UAV could be most efficient yet
University of Colorado Boulder researchers say they've developed a UAV that flies farther and faster, and uses less fuel, than any other of its size.
The fuel efficiency of the 50-kilogram UAV's engine is already double that of similar-scale engines, and assistant professor Ryan Starkey says he hopes to double that efficiency again.
It could be he says,for everything from penetrating and analyzing storms to military reconnaissance missions, as well as testing low-sonic-boom supersonic transport aircraft technology, which his team is working toward designing.
"I believe that what we're going to do is reinvigorate the testing world, and that's what we're pushing to do," says Starkey.
"The group of students who are working on this are very excited because we're not just creeping into something with incremental change, we're creeping in with monumental change and trying to shake up the ground."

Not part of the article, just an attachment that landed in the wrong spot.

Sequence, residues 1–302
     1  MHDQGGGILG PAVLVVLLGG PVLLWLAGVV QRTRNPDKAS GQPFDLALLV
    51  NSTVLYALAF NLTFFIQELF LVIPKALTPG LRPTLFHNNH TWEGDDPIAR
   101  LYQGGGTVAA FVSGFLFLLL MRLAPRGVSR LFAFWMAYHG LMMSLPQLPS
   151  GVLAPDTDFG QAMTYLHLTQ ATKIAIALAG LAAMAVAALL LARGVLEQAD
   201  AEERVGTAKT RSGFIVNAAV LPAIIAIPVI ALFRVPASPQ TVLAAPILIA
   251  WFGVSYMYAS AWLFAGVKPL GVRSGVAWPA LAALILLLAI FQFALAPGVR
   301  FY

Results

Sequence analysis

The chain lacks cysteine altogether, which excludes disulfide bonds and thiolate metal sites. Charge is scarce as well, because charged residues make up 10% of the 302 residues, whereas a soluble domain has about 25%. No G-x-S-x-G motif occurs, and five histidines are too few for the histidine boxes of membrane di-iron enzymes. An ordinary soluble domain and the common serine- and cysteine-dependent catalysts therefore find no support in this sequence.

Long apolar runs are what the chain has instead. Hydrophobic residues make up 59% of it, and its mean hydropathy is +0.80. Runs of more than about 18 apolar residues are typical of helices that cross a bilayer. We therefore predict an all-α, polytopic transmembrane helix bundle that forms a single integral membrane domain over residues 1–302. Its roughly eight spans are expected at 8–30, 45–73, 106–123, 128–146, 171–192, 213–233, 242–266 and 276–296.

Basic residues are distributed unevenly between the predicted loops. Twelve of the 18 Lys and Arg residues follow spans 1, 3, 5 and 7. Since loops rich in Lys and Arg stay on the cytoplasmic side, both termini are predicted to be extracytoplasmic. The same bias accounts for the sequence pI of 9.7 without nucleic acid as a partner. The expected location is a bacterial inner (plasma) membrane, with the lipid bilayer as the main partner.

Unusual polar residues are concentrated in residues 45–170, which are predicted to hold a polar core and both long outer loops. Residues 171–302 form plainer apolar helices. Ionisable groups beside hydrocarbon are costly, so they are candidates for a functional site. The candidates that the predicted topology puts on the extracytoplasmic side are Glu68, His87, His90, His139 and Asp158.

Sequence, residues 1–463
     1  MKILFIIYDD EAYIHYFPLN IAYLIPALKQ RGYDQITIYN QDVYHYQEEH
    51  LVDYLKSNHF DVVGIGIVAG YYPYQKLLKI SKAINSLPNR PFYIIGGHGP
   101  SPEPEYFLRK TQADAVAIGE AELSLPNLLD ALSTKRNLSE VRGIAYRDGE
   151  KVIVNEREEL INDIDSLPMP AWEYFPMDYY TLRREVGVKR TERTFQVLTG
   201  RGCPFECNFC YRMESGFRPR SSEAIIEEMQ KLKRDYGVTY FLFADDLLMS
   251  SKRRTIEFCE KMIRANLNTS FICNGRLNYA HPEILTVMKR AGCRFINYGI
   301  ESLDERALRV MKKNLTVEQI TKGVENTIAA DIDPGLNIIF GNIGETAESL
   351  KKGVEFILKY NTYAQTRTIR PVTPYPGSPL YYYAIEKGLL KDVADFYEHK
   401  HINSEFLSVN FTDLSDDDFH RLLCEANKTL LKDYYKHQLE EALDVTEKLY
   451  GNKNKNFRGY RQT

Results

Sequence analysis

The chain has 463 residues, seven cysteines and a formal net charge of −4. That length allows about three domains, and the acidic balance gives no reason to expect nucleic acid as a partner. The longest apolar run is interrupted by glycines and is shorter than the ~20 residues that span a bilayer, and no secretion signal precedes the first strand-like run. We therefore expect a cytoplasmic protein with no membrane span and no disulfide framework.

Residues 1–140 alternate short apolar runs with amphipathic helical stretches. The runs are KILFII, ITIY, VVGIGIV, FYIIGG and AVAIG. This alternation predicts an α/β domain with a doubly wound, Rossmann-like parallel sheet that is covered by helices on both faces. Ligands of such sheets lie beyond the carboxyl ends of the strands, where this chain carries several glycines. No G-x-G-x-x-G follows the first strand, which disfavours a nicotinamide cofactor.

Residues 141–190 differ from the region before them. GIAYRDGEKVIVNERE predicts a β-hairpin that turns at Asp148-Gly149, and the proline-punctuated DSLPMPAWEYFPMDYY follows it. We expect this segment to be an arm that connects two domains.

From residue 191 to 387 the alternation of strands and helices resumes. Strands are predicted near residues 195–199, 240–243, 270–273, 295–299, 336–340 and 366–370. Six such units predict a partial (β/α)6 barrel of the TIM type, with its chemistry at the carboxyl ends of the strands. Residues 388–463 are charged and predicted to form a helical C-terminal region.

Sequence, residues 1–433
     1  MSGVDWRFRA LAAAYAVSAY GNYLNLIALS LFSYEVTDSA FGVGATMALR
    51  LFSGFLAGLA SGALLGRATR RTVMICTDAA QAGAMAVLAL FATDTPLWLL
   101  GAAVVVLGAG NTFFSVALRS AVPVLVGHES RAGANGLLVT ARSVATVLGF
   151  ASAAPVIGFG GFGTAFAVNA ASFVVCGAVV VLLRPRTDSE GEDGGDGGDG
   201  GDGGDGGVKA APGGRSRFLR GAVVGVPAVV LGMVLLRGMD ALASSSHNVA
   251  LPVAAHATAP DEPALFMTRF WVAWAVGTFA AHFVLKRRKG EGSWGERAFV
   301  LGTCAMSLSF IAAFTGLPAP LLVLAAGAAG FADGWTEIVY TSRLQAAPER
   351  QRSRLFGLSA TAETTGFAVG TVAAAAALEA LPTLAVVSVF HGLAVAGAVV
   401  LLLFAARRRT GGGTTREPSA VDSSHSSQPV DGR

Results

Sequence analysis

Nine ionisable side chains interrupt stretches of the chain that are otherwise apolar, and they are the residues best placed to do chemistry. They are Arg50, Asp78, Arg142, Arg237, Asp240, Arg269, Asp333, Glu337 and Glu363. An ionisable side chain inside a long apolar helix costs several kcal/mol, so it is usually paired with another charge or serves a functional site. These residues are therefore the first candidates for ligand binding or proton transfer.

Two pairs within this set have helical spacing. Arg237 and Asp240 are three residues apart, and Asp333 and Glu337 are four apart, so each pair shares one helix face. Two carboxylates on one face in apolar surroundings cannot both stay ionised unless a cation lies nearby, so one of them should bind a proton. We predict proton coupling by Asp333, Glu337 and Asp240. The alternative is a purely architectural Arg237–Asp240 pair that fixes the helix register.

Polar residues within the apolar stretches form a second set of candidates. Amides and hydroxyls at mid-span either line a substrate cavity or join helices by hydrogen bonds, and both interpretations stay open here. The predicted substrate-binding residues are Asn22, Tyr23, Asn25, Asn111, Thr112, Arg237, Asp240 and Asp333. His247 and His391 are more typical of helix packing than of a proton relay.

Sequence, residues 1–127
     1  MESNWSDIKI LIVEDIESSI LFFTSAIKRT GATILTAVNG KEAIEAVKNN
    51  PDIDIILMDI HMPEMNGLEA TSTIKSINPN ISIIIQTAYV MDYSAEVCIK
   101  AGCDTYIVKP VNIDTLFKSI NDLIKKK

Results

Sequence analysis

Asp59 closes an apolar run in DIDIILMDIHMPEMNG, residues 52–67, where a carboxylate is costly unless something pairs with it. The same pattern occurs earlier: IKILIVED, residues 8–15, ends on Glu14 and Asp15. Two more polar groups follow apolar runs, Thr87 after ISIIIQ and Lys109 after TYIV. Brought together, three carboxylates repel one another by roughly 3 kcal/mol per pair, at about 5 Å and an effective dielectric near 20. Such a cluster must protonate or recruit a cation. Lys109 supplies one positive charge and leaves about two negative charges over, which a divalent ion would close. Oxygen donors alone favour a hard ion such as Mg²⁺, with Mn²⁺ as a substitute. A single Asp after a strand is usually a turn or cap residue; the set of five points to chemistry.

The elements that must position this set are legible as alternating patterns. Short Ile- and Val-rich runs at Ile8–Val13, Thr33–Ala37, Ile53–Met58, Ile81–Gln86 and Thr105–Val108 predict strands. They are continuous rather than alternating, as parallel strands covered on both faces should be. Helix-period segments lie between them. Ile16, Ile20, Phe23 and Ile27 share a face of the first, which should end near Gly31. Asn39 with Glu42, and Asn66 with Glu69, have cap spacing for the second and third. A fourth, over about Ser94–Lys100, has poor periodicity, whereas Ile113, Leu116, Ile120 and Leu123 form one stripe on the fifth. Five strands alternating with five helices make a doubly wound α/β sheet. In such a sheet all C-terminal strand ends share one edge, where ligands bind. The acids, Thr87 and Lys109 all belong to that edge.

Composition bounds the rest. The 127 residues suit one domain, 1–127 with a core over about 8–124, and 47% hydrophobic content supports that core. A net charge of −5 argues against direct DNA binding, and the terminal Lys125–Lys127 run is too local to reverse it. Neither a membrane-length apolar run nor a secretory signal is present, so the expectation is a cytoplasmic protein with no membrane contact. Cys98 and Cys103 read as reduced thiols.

The aircraft's thrust capacity makes it capable of reaching Mach 1.4, and Starkey says it will certainly break the world record for speed in its weight class.
The UAV's airframe is about five feet wide and six feet long, and it's expected to cost just $50,000 to $100,000. Starkey's created a company, Starcor, to commercialize it.
His team's currently creating a fully integrated and functioning engineering test unit, with the building of the aircraft application for FAA approval to follow next year.